You should ignore what this year’s Big Ten awards list tells you, because this weekend’s Big Ten Tournament made something perfectly clear: Ohio State’s Jared Sullinger and Thad Matta are the best player-coach combo in the conference. Despite laying claim to the conference’s top coach and top player — as named by the media and Big Ten’s coaches — Purdue was upset in the second round of the conference tournament, and for the second time in as many weeks, the Boilermakers fell two games shy of a Buckeye conference crown. Purdue senior forward JaJuan Johnson, who earlier in the week was named the Big Ten’s Player of the Year, scored 21 points and grabbed nine rebounds in the Boilermakers’ second-round matchup with Michigan State, but his effort wasn’t enough to keep the Spartans from picking up the win. Conversely, Sullinger scored 20 points and pulled down 18 boards in OSU’s second-round overtime victory against Northwestern. When the moment mattered most, the Buckeyes depended on the Big Ten Freshman of the Year, who scored 10 points in overtime and connected on 16 of 18 free throws in the game. And, thanks to his team picking up the win, Sullinger kept on playing, as he averaged 16.3 points and 14 rebounds over three games — all OSU wins. But Sullinger doesn’t deserve all the credit for the Buckeyes’ weekend success. Matta, who less than a week ago was passed over in favor of Purdue’s Matt Painter as the Big Ten Coach of the Year, led the Buckeyes to their second consecutive Big Ten Tournament title, the third of his career. When it came to the conference awards, however, Matta was hurt by what he does best: recruiting. The Buckeyes boast four returning starters from last year’s Big Ten championship team, and added two incoming McDonald’s All-Americans before the season. Nevermind that recruiting is part of the coach’s job — his team is supposed to win, and people don’t get rewarded for doing only what’s expected of them. Painter, however, benefited from having his best player, Robbie Hummel, tear his ACL before the season. Expectations were lowered, so losing the conference title by two games was not a disappointment, but rather an accomplishment. Hummel’s injury also deserves some credit for Johnson’s Player of the Year award. Getting Purdue’s top player out of the way opened the door for Johnson to lead the conference in scoring en route to earning the Player of the Year award. Sullinger, on the other hand, was punished for playing with superior talent surrounding him. Apparently, leading your team in scoring and rebounding while playing alongside three other All-Conference selections is viewed by the voting coaches and media as a negative, not a positive. But Sullinger and Matta gladly will take a pair of conference titles over a pair of individual awards any day. And if this weekend wasn’t enough, the Buckeyes have another three weeks to show why they have the best coach and player in the conference — if not the nation.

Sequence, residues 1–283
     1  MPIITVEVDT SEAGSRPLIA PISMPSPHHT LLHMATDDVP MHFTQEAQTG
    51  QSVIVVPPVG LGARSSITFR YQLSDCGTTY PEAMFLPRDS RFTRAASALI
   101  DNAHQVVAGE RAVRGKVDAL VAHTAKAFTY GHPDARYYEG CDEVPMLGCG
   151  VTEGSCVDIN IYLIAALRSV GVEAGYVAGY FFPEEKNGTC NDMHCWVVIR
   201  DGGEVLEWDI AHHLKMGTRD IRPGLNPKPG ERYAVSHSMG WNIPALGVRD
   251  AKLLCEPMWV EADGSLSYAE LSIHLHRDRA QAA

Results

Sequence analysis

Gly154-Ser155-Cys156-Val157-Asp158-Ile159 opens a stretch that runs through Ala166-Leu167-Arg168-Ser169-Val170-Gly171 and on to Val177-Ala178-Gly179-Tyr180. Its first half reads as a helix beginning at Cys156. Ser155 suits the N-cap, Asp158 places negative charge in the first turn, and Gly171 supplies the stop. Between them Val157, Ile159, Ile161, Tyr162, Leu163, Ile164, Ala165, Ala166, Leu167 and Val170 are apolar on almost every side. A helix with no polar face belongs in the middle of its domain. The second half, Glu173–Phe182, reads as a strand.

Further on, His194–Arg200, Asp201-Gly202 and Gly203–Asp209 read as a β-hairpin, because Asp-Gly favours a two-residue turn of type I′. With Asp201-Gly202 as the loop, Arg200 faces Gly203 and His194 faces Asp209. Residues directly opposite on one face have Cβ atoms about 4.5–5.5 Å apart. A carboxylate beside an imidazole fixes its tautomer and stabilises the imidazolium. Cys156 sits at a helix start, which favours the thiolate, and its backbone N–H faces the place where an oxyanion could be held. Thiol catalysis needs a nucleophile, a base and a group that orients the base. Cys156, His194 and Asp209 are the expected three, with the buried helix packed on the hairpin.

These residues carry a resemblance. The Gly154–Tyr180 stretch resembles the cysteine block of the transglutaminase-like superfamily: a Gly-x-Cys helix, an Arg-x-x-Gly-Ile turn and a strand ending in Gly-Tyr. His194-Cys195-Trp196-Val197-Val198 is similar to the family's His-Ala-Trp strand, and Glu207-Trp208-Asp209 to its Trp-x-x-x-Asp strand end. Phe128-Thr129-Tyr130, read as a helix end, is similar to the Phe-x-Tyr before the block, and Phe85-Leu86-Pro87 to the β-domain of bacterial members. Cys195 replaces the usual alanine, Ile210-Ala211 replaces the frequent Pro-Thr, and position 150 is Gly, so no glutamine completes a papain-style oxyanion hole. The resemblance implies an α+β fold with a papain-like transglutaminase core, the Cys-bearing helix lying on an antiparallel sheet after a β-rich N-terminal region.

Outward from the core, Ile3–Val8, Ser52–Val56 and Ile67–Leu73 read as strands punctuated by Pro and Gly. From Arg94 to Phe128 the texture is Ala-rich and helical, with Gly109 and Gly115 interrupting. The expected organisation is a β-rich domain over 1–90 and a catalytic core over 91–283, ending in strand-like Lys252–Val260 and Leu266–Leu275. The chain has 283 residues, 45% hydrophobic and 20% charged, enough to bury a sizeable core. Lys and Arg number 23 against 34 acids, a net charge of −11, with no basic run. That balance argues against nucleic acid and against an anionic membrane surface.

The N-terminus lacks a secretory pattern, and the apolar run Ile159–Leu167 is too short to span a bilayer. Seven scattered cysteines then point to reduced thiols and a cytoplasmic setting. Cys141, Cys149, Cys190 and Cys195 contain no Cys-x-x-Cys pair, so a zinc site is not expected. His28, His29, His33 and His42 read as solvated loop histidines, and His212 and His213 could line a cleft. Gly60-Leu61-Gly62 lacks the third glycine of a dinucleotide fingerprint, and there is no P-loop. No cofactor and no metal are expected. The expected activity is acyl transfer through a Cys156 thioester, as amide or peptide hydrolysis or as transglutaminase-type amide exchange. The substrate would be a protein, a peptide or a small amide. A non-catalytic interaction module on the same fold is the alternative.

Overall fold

Suspended Ohio State wide receiver DeVier Posey’s attorney provided documents to The Lantern claiming that drive time, as well as phone records, bank activity and timecards are evidence that Posey wasn’t overpaid to the extent of a five-game suspension. Larry James, an attorney with Crabbe, Browne & James LLC, who is paid by OSU for representing Posey, spoke with The Lantern Saturday in his firm’s downtown office about the NCAA’s announcement Friday that Posey would be suspended five games for receiving money for work he didn’t do from former booster Robert DiGeronimo. OSU did not immediately provide The Lantern with information pertaining to how much James is paid. Posey was originally scheduled to return to play Saturday at Nebraska after being suspended five games for the “Tattoo-gate” scandal. However, OSU athletic director Gene Smith announced on Oct. 3 that Posey would be suspended at least one additional game, before the NCAA’s ruling Friday that Posey must actually sit five more games. OSU lost to Nebraska on Saturday, 34-27. OSU receivers only caught six passes on 18 total attempts between quarterbacks Braxton Miller and Joe Bauserman for 108 yards. DiGeronimo employed Posey at Independence Excavations and Valley Laser Car Wash near Independence, Ohio, from June 18, 2009, through March 20, 2011. OSU and NCAA enforcement staffs concluded that Posey was paid for 70 hours of work, despite only working 21.5 hours. He was overpaid by 48.5 hours and $727.50. Posey is being ordered to pay that figure back as part of the NCAA’s ruling. James said he has “never seen any process like this whatsoever” in regards to the NCAA’s investigation of Posey. In an Oct. 5 letter from James’ firm to the NCAA reinstatement staff, James said the athletes “did not know the precise method by which their wages were being calculated” and that Posey “had no reason to believe that his wages may have been miscalculated or that he may have been overpaid.” DiGeronimo said in a June 29 letter to James that all athletes were paid $15 an hour, a rate he said was comparable to his shop employees but less than what local union members who do comparable work would be paid. Drive time James argued that drive time to the Independence area from Columbus and back was included in Posey’s compensation. James said in a letter dated Sept. 30 to Doug Archie, OSU’s associate athletic director for compliance, that the days and hours Posey worked were incorrectly reported. Independence Excavating originally reported that Posey worked 10 hours the week ending March 27, 2009, 24 hours the week ending June 18, 2009, 20 hours the week ending Feb. 19, 2010 and 16 hours the week ending March 25, 2011. According to the letter, the hours should have been reported as 10 hours, 11 hours, nine hours and 16 hours, respectively, and Posey was paid for those hours. Each week incorporated driving time to Independence from Columbus and back as part of his compensation, which is normal for union employees. Posey was paid a grand total $978.49 from DiGeronimo, which accounts for 65.23 hours of the 70 hours for which he was paid, assuming he was paid $15 per hour. Posey also received $102 in impermissible benefits for a round of golf with Columbus photographer Dennis Talbott. Phone records James also argued that phone records corroborate that Posey was in the Independence area working at the times he was supposed to be working. Phone records show Posey made and took phone calls from Independence, as well as surrounding cities West Salem, Ashland, Cleveland (where Posey stayed with running back Dan Herron the week ending March 25, 2011), Broadview, Beachwood, Medina, Mansfield, Brecksville, Warren and Cuyahoga Heights, among others during the weeks in question while he was supposed to be working. However, the letter states the reason why calls were traced to a multitude of cities is because the two Independence Excavation locations and the car wash at which he worked, Valley Laser Car Wash, are all located a mile from each other in Valley View, Ohio, which is north of Independence. The letter also states that the calls could have been traced from antennas outside of the area because the nearest Verizon towers where Posey was making calls from may have been experiencing high call volume. As a result, the closest Verizon tower would not necessarily transmit the call, and it would have been connected through a different tower or antenna leased through Verizon, and the listing for the call would read two different locations. NCAA’s response The NCAA didn’t consider the phone records, James said, and only considered evidence put forth specifically by the university. “I put forth the cell phone records. I put forth the bank records. I put forth the documents from DiGeronimo to verify that, so what I’m saying to you is they’re being disingenuous to you,” James said. In fact, the NCAA took issue with James’ assertion that the NCAA was ignoring facts. “These statements are patently false,” NCAA spokeswoman Stacey Osburn told the The Lantern in an email. “To ensure a fair process for the involved student-athlete, each reinstatement decision is determined based on its own merits. The staff carefully reviews all information that the university puts forward during the reinstatement process. Posey’s withholding condition is based on his own actions and responsibility for the violation.” James said there were several issues with the NCAA’s investigation. “(One) is the lack of due process for the students,” he said. “(Second is) a lack of meaningful representation for the students by counsel, and thirdly, there is no opportunity for the student or the students represented to have meaningful input into the process.” James said he believes Posey’s punishment may be a lingering effect from violations incurred by former quarterback Terrelle Pryor. “In the eyes of the NCAA, they are guilty by association,” he said. Athletes unaware Archie said in a letter dated Oct. 3 to Jennifer Henderson, the NCAA’s director for student-athlete reinstatement, that it wasn’t obvious to the athletes that they were being overpaid and that none of them felt they were overpaid. The athletes also didn’t believe they had to register their employment with the university and that the job would not last for an extended period of time, so they did not contact the compliance office. The letter states that the athletes weren’t told their hourly wage and that no timecards were filled out, as the hours were verbally reported by a supervisor to the controller, who issued the checks to the athletes. The procedure is similar to how other part-time employees at Independence Excavating are paid, according to the letter. However, timecards signed by an Independence Excavating supervisor show running back Dan Herron, who was also suspended for Saturday’s game at Nebraska, worked eight hours a day for 32 hours total for the week ending June 18, 2010. Another timecard shows Herron worked 40 hours the week ending July 30, 2010, but does not list the hours by day. A supervisor was interviewed by the university during its investigation and said there were no issues with the athletes not performing work. Documents provided by OSU at Monday’s press conference in which Smith announced that Posey, Herron and Marcus Hall would be suspended one game list the “incorrect” hours Posey was paid. DiGeronimo’s involvement DiGeronimo issued a letter on Sept. 26 stating that Posey requested to work the week ending Feb. 19, 2010, as he was going to be in Cleveland to attend a charity gala. His request was approved and the company precut him a check because the payroll department was closed on Saturdays. The check was tagged “makeup” and the controller assumed the hours accumulated based on a previously used pay rate. Because the request involved other athletes as well, DiGeronimo said a detailed review was not possible in that timeframe, and in another letter to James dated Sept. 23, said the company did not “have the ability to substantiate the hours for this week.” Posey was paid for five hours travel time plus four hours on-site for that week’s work. He was also paid time-and-a-half since that’s what union workers are paid for working Saturdays. He was ultimately paid $33 an hour for nine hours of work, totaling $300. DiGeronimo never consented to an interview with the OSU and NCAA compliance staffs, and has since been disassociated from the university. “It wasn’t a question of whether he wanted to be interviewed by OSU or the NCAA, he just felt he wasn’t gonna get a fair an impartial audience, and that’s turned out to be true,” James said. “On the one hand, the NCAA says that it’s gonna accept the early report that we gave them and it’s gonna disregard all the other reports.” Fallout on campus Posey’s suspension means he won’t be eligible to return until OSU hosts Penn State on Nov. 19. The team will finish the regular season by traveling to Michigan the next week, and then could play in the Big Ten Championship and a bowl game afterward, if necessary. Smith said in a statement Friday that he was disappointed with the NCAA’s ruling. “I am extremely disappointed with the NCAA’s decision regarding Devier Posey,” Smith said. “This penalty is harsh considering the nature of the violation and the five-game suspension already served by this student athlete.” James said he backs Smith and OSU president E. Gordon Gee. “I think they’re doing exceptionally well under the circumstances,” James said. “You put any person in a situation, because you had the ‘Sports Illustrated 9′ and that turned to be not an issue. The cars turned out to be not an issue. The tattoos and memorabilia was dealt with untimely. And this issue has been dealt with timely, although I would say the truth has not been addressed thus far in this ordeal.” James even backs Gee after Gee told The Columbus Dispatch last week that OSU was the “poster child for compliance.” “What I understood him meaning is that whenever there is an infraction of any type, that this university and its compliance staff reports it without exception,” James said. While Posey will only be eligible for two regular season games this season, James offered a message Posey might relay to OSU students and fans. “He would say he is a model student,” James said. “He’s a model teammate. He’s a committed athlete. He’s going to graduate on time and he hasn’t done anything wrong.” Larry James Read the documents: Letter from James explaining that there was no way for athletes to know how they were paid Timecards for Dan Herron Letter from James to NCAA defending Posey’s pay with cell phone and bank records Letter from James to NCAA explaining how the cell phone towers proved Posey was in Independence, Ohio Letter from OSU to NCAA outlining the athletes’ jobs with Robert DiGeronimo